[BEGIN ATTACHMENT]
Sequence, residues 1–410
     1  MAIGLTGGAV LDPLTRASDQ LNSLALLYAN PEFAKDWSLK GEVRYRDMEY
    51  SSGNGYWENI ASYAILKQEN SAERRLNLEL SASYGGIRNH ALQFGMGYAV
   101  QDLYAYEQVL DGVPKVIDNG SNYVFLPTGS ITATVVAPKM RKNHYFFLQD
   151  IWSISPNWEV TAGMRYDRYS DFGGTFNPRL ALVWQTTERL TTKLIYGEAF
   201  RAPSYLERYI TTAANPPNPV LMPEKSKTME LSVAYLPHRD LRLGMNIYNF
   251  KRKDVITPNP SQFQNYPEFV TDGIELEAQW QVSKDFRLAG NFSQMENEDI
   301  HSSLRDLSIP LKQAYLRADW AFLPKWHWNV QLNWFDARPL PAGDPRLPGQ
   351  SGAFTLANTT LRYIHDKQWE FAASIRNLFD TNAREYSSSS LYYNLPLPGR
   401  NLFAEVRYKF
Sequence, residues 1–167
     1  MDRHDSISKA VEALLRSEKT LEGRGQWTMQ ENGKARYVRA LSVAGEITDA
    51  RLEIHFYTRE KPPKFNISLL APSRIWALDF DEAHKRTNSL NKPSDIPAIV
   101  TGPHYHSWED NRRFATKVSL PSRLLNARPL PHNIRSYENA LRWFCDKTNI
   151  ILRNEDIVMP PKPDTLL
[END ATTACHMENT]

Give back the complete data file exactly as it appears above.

Sequence, residues 1–410
     1  MAIGLTGGAV LDPLTRASDQ LNSLALLYAN PEFAKDWSLK GEVRYRDMEY
    51  SSGNGYWENI ASYAILKQEN SAERRLNLEL SASYGGIRNH ALQFGMGYAV
   101  QDLYAYEQVL DGVPKVIDNG SNYVFLPTGS ITATVVAPKM RKNHYFFLQD
   151  IWSISPNWEV TAGMRYDRYS DFGGTFNPRL ALVWQTTERL TTKLIYGEAF
   201  RAPSYLERYI TTAANPPNPV LMPEKSKTME LSVAYLPHRD LRLGMNIYNF
   251  KRKDVITPNP SQFQNYPEFV TDGIELEAQW QVSKDFRLAG NFSQMENEDI
   301  HSSLRDLSIP LKQAYLRADW AFLPKWHWNV QLNWFDARPL PAGDPRLPGQ
   351  SGAFTLANTT LRYIHDKQWE FAASIRNLFD TNAREYSSSS LYYNLPLPGR
   401  NLFAEVRYKF
Sequence, residues 1–167
     1  MDRHDSISKA VEALLRSEKT LEGRGQWTMQ ENGKARYVRA LSVAGEITDA
    51  RLEIHFYTRE KPPKFNISLL APSRIWALDF DEAHKRTNSL NKPSDIPAIV
   101  TGPHYHSWED NRRFATKVSL PSRLLNARPL PHNIRSYENA LRWFCDKTNI
   151  ILRNEDIVMP PKPDTLL